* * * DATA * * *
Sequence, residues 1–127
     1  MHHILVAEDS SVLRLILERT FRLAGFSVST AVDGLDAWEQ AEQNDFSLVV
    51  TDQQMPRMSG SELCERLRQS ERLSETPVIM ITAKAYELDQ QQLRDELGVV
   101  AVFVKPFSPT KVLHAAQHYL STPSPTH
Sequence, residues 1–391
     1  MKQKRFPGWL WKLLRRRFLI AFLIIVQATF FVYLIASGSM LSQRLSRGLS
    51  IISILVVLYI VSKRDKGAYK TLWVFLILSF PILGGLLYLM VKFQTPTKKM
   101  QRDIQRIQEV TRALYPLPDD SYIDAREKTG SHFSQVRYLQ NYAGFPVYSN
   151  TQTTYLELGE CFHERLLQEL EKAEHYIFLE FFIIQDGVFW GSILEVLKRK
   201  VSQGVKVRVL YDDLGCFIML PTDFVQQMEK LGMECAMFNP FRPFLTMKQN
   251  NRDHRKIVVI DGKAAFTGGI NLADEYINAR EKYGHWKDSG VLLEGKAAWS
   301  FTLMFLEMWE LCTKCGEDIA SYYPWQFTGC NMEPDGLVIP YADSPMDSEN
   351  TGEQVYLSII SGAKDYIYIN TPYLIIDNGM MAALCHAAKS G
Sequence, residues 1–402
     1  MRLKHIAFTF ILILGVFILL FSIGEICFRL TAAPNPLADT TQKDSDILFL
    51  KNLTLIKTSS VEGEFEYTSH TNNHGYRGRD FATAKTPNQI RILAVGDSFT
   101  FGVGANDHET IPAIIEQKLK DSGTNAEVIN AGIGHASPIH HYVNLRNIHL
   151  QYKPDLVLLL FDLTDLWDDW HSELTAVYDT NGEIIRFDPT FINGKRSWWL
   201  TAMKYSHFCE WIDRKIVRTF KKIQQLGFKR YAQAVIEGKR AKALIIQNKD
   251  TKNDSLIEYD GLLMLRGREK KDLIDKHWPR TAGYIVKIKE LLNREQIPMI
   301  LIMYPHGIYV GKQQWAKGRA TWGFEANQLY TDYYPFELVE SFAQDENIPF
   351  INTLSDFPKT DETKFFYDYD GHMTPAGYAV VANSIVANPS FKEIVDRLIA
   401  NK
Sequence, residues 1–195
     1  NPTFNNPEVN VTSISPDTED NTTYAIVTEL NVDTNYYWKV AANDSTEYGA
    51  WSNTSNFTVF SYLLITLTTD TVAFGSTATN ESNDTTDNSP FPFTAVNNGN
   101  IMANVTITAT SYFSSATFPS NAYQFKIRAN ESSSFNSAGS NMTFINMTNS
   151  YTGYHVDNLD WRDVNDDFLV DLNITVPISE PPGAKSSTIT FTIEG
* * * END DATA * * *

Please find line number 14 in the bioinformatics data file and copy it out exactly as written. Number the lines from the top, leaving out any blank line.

Sequence, residues 1–402